Lo Hoi Ying ... Patient's Family Member
Mo-Chan Chik ... Li's Bodyguard
Jacky Low ... Kid with Bicycle
Chung Ka Lung ... Li's Bodyguard
Christian Kila ... Li's Bodyguard
Jonathan Lee ... Young Max
Choy Tak-Kwan ... Car Salesman
Lisa S. ... Emily (as Lisa Selesner)
Tin Hung Yee ... McDaddy's Thug
Sam Kai-Sen Huang ... McDaddy's Thug
Johanna Olson ... Mel

Courtney Wu ... Maternal Grandfather
Gang Wu ... White Tiger
Winnie Leung ... Fong Ka Ho's Sister
Chih Hung Tsai ... Brother Hung
Ling Chi-Man ... Towing Mechanic
Wong Man-Kin ... Baldie's Driver
rest of cast listed alphabetically:
Anthony Carpio ... Henchman (as Carpio Anthony)
Man-Ching Chan ... Henchman (as Chan Man-ching)
Tat-Kwong Chan ... Henchman (as Chan Tat-kwong)
Wah Cheung ... Henchman / McDaddy's Thug (as Johnny Cheung Wa)
Chi-Kui Fong
Kwok-Wah Geung ... Henchman (as Louis Keung)
Chun Han ... Henchman (as Hon Chun)
Jun He ... Henchman / Green Dragon
Han Guan Hua ... Henchman
Man-Wai Luk

Mike Moh

Toby Leonard Moore ... Octopus (voice)
Hyun Jin Park ... Henchman
Kon Chung Tam ... Henchman
Jack Wong Wai Leung ... Henchman (as Wong Wai Leung)
Tielin Zhang
Bey Logan ... Emergency Room Doctor (uncredited)

Directed by
Benny Chan 
 
Writing credits
Jackie Chan (written by) &
Benny Chan (written by) &
Alan Yuen (written by)

Alan Yuen (story)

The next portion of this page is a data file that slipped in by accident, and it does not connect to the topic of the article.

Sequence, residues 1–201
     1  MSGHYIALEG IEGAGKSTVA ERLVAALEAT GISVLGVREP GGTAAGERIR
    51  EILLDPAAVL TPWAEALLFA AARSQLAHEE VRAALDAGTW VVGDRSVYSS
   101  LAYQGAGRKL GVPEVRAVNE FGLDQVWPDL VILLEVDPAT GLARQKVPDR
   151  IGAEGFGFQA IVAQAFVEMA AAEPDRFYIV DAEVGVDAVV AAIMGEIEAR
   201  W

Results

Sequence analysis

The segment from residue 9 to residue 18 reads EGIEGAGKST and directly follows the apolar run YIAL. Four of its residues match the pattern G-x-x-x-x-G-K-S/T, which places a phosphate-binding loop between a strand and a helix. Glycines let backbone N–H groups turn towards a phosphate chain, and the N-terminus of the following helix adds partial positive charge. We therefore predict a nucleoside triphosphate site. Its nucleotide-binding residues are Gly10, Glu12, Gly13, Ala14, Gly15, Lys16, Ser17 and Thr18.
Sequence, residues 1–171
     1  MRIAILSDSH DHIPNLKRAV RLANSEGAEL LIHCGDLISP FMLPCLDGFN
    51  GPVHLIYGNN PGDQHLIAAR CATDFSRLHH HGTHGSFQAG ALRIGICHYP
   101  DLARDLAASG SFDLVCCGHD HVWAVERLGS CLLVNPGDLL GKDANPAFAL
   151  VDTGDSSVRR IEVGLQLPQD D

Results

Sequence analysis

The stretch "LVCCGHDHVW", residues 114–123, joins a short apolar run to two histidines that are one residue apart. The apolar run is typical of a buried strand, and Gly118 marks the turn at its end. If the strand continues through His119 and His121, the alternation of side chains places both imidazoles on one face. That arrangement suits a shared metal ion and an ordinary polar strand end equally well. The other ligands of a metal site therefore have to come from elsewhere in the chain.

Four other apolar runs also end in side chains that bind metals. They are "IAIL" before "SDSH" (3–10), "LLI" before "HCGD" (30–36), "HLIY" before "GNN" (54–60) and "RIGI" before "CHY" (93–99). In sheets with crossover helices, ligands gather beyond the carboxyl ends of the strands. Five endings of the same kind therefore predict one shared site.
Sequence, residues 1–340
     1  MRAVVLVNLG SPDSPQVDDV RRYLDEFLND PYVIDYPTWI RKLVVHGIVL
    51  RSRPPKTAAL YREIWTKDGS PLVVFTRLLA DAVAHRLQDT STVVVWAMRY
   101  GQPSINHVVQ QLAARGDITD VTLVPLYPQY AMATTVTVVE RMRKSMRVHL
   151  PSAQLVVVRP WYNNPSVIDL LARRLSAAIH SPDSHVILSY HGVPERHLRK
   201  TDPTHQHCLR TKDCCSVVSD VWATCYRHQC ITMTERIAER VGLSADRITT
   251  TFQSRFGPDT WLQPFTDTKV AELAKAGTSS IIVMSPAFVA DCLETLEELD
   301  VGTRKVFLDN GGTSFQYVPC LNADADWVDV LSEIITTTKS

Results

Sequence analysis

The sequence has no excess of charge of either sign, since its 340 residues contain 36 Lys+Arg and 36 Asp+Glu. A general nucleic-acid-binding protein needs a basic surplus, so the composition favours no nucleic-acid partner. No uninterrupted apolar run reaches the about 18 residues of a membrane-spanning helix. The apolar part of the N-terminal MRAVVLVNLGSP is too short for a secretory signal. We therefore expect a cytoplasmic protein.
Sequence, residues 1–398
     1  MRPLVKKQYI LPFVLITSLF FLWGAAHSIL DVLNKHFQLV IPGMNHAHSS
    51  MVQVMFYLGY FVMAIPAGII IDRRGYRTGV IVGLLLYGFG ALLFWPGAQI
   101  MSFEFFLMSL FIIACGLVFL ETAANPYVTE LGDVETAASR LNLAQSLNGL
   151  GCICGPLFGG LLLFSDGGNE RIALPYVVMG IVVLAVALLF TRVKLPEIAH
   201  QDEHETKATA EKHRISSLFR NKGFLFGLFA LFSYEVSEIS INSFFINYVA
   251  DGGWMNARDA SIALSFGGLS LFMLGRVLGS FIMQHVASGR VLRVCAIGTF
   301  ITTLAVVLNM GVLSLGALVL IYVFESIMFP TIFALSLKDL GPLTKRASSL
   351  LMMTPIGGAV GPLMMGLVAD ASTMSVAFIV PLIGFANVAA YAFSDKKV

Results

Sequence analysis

Produced by
Benny Chan .... producer
Jackie Chan .... executive producer
Jackie Chan .... producer
Willie Chan .... executive producer
Willie Chan .... producer
Solon So .... producer
Zhongjun Wang .... executive producer (as Wang Zhongjun)
Zhonglei Wang .... producer
Albert Yeung .... executive producer
 
Original Music by
Fai Young Chan (original music score) (as Chan Fai-young@Hilarious)
 
Cinematography by
Anthony Pun (director of photography)
 
Film Editing by
Chi Wai Yau  (as Yau Chi-wai)
 
Production Design by
Sung Pong Choo  (as Choo Sung-pong)
 
Art Direction by
Ching-Ching Wong  (as Wong Ching-ching)
 
Costume Design by
Thomas Chong 
Cindy Cheung Fong-Tai  (as Cindy Cheung)
 
Production Management
Wendy Wong .... production manager
 
Second Unit Director or Assistant Director
Eddie Ng .... assistant director
Ka-Wai Tong .... first assistant director
 
Art Department
Wai-Ming Wong .... props manager
 
Sound Department
Terry Shek .... sound effects editor